Remember Me?


After the most recent Federal Election Commission (FEC) filings showed an increase in spending by former New York Congressman Anthony Weiner’s campaign committee, journalists and political pundits began speculating about Weiner’s chances of success should he run for city-wide office in 2013.  Anthony Weiner, after serving in Congress for twelve years, resigned in January of 2011 after admitting to using Twitter to share sexually suggestive pictures.  Prior to his Twitter scandal, many political strategists believed Weiner to be a leading candidate in the 2013 mayoral race.   Weiner amassed a campaign war-chest of $4.5 million, which to this day is surpassed only by City Council Speaker Christine Quinn.  The question remains: Does Anthony Weiner have a plausible chance to return to public life in 2013?  If Weiner mounts a successful campaign for mayor, he would not be the first politician to return from controversy and recapture the respect of his constituents.

Congressman Barney Frank and D.C. Mayor Marion Barry made successful comebacks from embarrassing scandals in the early 90s. Frank reportedly paid a male prostitute for sex and exerted his congressional influence to avoid parking tickets. Worse, the prostitute operated a ring out of Frank’s home without his knowledge.  Despite repeated calls for Frank’s resignation, he mounted a political comeback, winning re-election campaigns ten more times before deciding to retire from Congress in 2012.

Mayor Marion Barry of D.C, after serving in office for eleven years, was sentenced to six months in prison after being convicted of one count of misdemeanor drug possession.  After serving his jail sentence, Barry won city council elections and even made it back into the mayor’s office.

For Congressman Frank and Mayor Barry, second chances and redemption were possible in their political careers.  Weiner’s political standing pre-scandal was strong: he had built consistent support from voters in his district to stabilize his position in Congress for years to come. He was poised to be a top contender for the mayor’s race in 2013, and he had $4.5 million in campaign funds to spend. These factors provide confidence for the former Congressman as he assesses his potential bid for city-wide office in 2013.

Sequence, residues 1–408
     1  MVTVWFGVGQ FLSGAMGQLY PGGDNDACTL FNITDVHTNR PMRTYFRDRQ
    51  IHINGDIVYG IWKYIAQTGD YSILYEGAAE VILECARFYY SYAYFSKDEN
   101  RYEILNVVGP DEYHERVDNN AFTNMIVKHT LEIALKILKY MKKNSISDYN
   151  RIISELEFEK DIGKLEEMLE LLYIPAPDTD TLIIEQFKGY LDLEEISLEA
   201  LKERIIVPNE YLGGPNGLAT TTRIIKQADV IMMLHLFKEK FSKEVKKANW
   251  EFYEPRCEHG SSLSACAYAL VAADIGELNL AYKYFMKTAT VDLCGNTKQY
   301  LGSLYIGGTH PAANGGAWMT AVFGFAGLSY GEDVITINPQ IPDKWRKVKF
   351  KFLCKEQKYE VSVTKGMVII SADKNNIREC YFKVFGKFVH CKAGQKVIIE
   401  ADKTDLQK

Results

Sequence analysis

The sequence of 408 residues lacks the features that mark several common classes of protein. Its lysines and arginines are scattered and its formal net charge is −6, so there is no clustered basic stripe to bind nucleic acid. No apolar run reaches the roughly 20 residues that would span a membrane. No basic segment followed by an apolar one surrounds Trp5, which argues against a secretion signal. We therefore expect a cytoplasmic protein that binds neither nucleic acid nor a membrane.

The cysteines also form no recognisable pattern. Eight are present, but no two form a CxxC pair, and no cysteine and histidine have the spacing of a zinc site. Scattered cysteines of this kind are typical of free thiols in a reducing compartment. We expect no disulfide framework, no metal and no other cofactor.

At first glance, the comebacks of Frank and Barry seem to establish a strong precedent for political resurgence.  However, strong contrasts between the scandals exist.  First, Congressman Frank never resigned from office, and never sought a position higher than that which he held at the time of the scandal.  Since Weiner did resign, his condition is not comparable to Frank’s.

Mayor Barry’s story provides a more useful comparison, providing valuable insight into what a successful path for Weiner could look like.  Barry was out of the public eye during his prison term; Weiner has been keeping a low profile since his resignation in an attempt to give the public time to forgive him. Most importantly, Mayor Barry did not run for mayor again right away, instead choosing to pursue a seat in the city council.  This Barry model could provide a valuable template for Weiner to follow.

If Weiner’s ambition is to reach the status of a top mayoral contender again, he should first seek a lower city-wide office.  It is important for Weiner in this stage in his comeback to demonstrate to all the voters of New York that he can be an effective advocate in government again.  He will best be able to accomplish tangible results out of the public advocate’s office, as a watchdog for future corruption. Public advocates have also been leading mayoral contenders in the past, with Mark Green winning the Democratic nomination in 2001 and current Public Advocate Bill de Blasio surging in polls and fundraising.

Weiner would face Councilwoman Lelita James, State Senator Dan Squadron, who is considering a run for the job, as well as  other candidates who are not currently in elected office.  Weiner would have overwhelming advantages in spending and name recognition over the rest of the field.  Another factor in Anthony Weiner’s decision is that if he chooses to spend his $4.5 million during the 2013 election cycle, the city will give Weiner an additional $1.5 million to spend on the race.  The option to collect those matching funds expires after this cycle.

Anthony Weiner was a strong and consistent legislator for liberal issues on the city council and in the House for almost twenty years.  Prior the scandal, few in the Democratic Party denied that Anthony Weiner was a skilled and effective defender of health care and pro-choice legislation with a special ability to get work done.  The question left to be answered is whether sending sexually revealing pictures to a young woman will continue to haunt Weiner.  Given his strong legislative record and his ability to spend up to $6 million on the race, Anthony Weiner should throw his hat in the ring in the public advocate’s race to find out.